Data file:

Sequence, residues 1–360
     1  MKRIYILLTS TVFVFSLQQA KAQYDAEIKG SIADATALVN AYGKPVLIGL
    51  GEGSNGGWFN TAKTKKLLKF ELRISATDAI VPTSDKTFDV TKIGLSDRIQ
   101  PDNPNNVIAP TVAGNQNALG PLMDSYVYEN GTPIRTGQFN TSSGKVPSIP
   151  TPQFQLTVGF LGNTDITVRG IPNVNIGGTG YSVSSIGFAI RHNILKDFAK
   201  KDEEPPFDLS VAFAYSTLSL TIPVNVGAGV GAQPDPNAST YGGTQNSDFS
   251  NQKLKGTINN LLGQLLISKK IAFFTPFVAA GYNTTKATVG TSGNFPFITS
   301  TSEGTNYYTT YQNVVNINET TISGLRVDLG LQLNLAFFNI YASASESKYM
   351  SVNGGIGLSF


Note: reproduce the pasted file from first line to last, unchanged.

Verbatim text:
Sequence, residues 1–360
     1  MKRIYILLTS TVFVFSLQQA KAQYDAEIKG SIADATALVN AYGKPVLIGL
    51  GEGSNGGWFN TAKTKKLLKF ELRISATDAI VPTSDKTFDV TKIGLSDRIQ
   101  PDNPNNVIAP TVAGNQNALG PLMDSYVYEN GTPIRTGQFN TSSGKVPSIP
   151  TPQFQLTVGF LGNTDITVRG IPNVNIGGTG YSVSSIGFAI RHNILKDFAK
   201  KDEEPPFDLS VAFAYSTLSL TIPVNVGAGV GAQPDPNAST YGGTQNSDFS
   251  NQKLKGTINN LLGQLLISKK IAFFTPFVAA GYNTTKATVG TSGNFPFITS
   301  TSEGTNYYTT YQNVVNINET TISGLRVDLG LQLNLAFFNI YASASESKYM
   351  SVNGGIGLSF